“It isn’t much.” Indeed, there certainly was barely enough to go around, so any additional resource was generally used. But she had found a few things (green ribbon, wrapping paper) and sourced the rest. Within the box Rogue had lain pine needles and a few delicate hemlock pine cones. Then, in the midst, she had folded a small origami crane out of a gold flecked sheet of paper. She held it out to him.
“But anyway. Call it a peace offering, if you want.”
Erik quietly opened the box. He was slow about it, untying the ribbon before carefully peeling off the paper as if he intended to wrap another gift with it later. He approached it all with a strange sort of reverence — when was the last time he'd received a gift?
He opened the box and somehow managed to fall even more silent. At first, it seemed to pass for disappointment, but in reality he was simply trying to gather his thoughts. The little crane was simple and lovely, but why a gift? Why would she go so out of her way to be kind? "I …" He cleared his throat, brushing a fingertip over one of the crane's wings. "Considering what I've done to you, I hardly think you need to be offering me a peace offering."
Erik moved like he’d been liberally coated in molasses. And Rogue couldn’t tell if it meant she’d made a gaffe or if he was moved. Whatever it was, she continued to stand. Instead of shifting from foot to foot or swaying awkwardly, she stood steadfast and looked him in the eye.
“The way I figure it, you haven’t done it yet. How would I like to get measured up against who I was in 40 years versus who I am now? I get that you’re …” her hand wiggled from side to side. “ … I get that the fence is where you’re really comfortable. But --” But I saw you in considerable pain. Pain that reminded her of his very real humanity.
She paused. “I think I appreciate that confidence you exude. I honestly think I’m a little jealous of it.”
Erik looked back down at the box. He briefly picked up the crane and then set it back down, nestling it back into its spot. "Thank you," he said. It answered her question: moved. He was certainly moved.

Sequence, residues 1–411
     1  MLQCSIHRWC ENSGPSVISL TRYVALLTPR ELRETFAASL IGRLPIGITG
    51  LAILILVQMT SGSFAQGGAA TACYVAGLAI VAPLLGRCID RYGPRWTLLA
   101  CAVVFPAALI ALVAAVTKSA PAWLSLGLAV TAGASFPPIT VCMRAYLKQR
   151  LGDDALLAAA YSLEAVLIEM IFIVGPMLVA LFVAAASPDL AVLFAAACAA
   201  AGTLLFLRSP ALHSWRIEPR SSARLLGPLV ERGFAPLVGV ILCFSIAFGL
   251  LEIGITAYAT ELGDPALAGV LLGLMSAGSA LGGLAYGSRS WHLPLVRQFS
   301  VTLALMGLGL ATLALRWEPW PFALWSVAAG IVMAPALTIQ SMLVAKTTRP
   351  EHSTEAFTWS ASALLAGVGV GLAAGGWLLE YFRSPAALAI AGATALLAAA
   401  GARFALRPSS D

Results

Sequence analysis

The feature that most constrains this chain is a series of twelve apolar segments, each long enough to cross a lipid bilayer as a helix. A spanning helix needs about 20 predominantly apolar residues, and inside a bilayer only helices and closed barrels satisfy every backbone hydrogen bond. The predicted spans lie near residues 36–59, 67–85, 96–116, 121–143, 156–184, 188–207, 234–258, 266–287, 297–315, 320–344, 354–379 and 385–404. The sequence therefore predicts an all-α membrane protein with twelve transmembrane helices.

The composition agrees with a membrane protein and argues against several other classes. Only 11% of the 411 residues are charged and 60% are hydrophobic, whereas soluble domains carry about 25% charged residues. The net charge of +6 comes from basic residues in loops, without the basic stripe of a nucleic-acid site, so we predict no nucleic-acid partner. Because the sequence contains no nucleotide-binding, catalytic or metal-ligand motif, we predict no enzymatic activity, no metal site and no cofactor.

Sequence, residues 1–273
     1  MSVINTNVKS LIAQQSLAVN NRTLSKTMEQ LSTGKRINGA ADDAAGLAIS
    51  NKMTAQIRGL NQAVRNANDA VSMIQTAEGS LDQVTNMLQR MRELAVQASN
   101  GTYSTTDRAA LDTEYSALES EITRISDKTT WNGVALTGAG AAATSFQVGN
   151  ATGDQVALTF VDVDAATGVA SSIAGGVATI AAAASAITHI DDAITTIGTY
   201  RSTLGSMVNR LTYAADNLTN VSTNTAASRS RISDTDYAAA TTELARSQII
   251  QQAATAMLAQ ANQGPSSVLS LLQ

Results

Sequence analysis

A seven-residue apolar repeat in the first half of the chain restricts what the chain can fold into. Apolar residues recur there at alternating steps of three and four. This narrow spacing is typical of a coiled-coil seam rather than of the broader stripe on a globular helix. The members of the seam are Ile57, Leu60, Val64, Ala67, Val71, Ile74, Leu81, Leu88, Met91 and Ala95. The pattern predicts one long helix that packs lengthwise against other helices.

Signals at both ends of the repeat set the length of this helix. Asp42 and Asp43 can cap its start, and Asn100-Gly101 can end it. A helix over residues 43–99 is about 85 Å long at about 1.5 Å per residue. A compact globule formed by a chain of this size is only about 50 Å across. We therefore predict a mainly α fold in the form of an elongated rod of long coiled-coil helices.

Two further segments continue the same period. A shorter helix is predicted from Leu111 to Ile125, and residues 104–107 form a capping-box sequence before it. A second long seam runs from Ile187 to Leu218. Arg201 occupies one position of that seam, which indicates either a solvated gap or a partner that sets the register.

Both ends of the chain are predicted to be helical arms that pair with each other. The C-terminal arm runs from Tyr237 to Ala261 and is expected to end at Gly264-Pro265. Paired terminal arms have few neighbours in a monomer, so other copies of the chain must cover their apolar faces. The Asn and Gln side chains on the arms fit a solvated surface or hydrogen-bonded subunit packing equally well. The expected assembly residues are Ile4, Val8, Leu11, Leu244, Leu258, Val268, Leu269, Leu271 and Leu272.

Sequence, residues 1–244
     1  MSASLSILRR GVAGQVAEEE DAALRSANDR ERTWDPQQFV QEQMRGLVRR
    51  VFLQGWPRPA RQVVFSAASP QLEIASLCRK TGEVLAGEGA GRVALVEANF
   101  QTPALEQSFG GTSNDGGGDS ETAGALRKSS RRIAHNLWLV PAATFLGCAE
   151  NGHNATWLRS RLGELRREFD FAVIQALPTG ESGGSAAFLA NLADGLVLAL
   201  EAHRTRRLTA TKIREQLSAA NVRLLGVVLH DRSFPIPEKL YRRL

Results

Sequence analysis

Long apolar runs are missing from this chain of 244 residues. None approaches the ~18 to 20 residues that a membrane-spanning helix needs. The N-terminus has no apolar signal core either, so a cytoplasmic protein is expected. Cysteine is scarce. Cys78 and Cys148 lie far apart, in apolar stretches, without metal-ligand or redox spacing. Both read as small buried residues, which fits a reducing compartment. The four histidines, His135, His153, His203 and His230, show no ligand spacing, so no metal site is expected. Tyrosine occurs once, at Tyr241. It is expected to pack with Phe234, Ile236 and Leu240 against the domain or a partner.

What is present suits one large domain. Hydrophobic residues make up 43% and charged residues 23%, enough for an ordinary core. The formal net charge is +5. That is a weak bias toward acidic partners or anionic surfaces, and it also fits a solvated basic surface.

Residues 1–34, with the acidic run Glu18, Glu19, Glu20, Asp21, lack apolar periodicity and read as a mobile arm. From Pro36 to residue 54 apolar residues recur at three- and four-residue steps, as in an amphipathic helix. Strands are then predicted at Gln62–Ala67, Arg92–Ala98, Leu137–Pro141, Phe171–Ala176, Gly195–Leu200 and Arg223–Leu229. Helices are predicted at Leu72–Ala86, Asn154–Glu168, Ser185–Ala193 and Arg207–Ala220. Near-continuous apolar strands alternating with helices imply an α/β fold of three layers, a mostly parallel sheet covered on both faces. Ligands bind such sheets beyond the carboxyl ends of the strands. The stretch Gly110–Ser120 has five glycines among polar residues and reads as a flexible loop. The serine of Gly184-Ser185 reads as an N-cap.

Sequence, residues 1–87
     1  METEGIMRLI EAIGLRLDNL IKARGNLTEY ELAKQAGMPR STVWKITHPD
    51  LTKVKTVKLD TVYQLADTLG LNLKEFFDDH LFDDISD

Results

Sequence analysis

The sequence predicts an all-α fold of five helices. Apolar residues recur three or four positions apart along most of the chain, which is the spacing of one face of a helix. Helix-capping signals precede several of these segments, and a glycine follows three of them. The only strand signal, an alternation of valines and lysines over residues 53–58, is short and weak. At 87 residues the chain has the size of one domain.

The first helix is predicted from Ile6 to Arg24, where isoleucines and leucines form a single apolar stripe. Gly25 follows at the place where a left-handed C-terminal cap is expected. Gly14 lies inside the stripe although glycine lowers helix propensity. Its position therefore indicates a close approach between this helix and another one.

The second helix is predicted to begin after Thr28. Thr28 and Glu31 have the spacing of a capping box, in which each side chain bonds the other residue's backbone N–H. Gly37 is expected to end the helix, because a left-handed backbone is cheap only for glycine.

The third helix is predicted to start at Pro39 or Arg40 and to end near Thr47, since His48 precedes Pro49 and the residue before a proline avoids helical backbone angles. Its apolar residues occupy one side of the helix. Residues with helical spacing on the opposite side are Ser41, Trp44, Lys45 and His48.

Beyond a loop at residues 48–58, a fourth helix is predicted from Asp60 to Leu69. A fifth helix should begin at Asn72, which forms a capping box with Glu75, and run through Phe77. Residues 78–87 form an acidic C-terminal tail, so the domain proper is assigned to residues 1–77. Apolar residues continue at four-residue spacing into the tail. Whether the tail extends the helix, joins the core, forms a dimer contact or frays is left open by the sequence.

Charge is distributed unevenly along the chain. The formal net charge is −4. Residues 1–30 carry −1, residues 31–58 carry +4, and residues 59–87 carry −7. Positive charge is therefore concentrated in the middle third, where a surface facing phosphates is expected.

He made a brief gesture to the couch opposite him, inviting her to sit. He wasn't completely incapable of social niceties, he was simply more used to using them as a means of laying a trap, or finding the means to an end, rather than just having a pleasant conversation. A decade in solitary confinement certainly didn't help.
"You appreciate my confidence?"
He smiled, genuinely, and seemed surprised. He certainly hadn't expected that. "You don't strike me as particularly insecure."
She offered him a crooked smile before perching on the edge of the sofa, her back debutante-straight and legs crossed at the ankle. She wanted the niceties observed as if, armour-like, they could shield from a whole host of insecurities.
“I know who I am. And I know what it means. I’d wrestled with it and I almost let it unglue me.” She paused. Searching for the right words flattened her brow before she cast her gaze back to him, plumbing the depths of his own gaze to attempt to read meaning. What is this, Erik. “It’s less about having an ability and more about not having the right control. I don’t want to hurt people. You have all that on lockdown. I envy it.”